• Bargain collectively through representatives of employees’ own choosing for a contract with your employer setting your wages, benefits, hours and other working conditions.
  • Discuss wages and benefits and other terms and conditions of employment or union organizing with your co-workers or a union.
  • Take action with one or more co-workers to improve your working conditions by, among other means, raising work-related complaints directly with your employer or with a government agency, and seeking help from a union.
  • Strike and picket, depending on the purpose or means of the strike or the picketing.
  • Choose not to do any of these activities, including joining or remaining a member of a union.

The notice must also notify employees that under the NLRA, it is illegal for an employer to:

  • Prohibit an employee from talking about or soliciting for a union during non-work time, such as before or after work or during break times; or from distributing union literature during non-work time, in non-work areas, such as parking lots or break rooms.
  • Question an employee about his or her union support or activities in a manner that discourages the employee from engaging in that activity.
  • Fire, demote or transfer an employee, or reduce his or her hours or change a shift, or otherwise take adverse action against the employee, or threaten to take any of these actions, because the employee joined or supported a union or engaged in concerted activity for mutual aid and protection, or choose not to engage in any such activity.
  • Threaten to close the workplace if workers choose a union to represent them.
  • Promise or grant promotions, pay rasises, or other benefits to discourage or encourage union support.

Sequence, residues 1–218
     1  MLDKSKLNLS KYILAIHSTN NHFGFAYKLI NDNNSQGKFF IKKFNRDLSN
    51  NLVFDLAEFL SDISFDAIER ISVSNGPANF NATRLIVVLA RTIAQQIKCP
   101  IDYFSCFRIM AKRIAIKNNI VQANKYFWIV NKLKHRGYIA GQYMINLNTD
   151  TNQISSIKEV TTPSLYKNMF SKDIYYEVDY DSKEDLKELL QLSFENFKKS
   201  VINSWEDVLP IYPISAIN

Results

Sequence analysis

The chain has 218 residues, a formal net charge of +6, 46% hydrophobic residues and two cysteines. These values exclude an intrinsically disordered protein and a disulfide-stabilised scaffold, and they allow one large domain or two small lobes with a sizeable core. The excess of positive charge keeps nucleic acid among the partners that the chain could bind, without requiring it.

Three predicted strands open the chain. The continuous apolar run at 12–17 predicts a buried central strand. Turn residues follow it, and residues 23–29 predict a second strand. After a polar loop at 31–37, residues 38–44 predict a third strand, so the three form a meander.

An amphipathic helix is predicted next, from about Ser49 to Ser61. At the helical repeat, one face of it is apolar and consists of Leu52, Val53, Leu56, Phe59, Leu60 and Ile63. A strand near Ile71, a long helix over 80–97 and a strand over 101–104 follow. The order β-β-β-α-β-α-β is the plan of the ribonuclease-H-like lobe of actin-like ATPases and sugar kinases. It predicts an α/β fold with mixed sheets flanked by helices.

• Prohibit an employee from wearing union hats, buttons, t-shirts, and pins in the workplace except under special circumstances.
  • Spy on videotape peaceful union activities and gatherings or pretend to do so.

The notice must also state that under the NLRA, it is illegal for a union or for the union that represents the employees in bargaining with the employer to:

  • Threaten or coerce an employee in order to gain your support for the union.
  • Refuse to process a grievance beacuse the employee criticized union officials or is not a member of the union.
  • Use or maintain discriminatory standards or procdeures in making job referrals from a hiring hall.
  • Cause or attempt to cause an employer to discriminate against you because of your union-related activity.
  • Take adverse action against an employee because he or she has not joined or does not support the union.

The entire notice contains much more information. In some cases the information must be printed in multiple languages and the information must be posted on the employer’s website or otherwise communicated electronically.

The NLRB will provide copies of the notice on request at no cost to the employer beginning on or before November 1st, 2011. These can be obtained by contacting the NLRB at its headquarters or its regional, sub-regional, or resident offices. Employers can also download the notice from the Board’s website, http://www.nlrb.gov and print it out in color or black-and-white on one 11-by-17-inch paper or two 8-by-11-inch papers taped together. Finally, employers can satisfy the rule by purchasing and posting a set of workplace posters from a commercial supplier.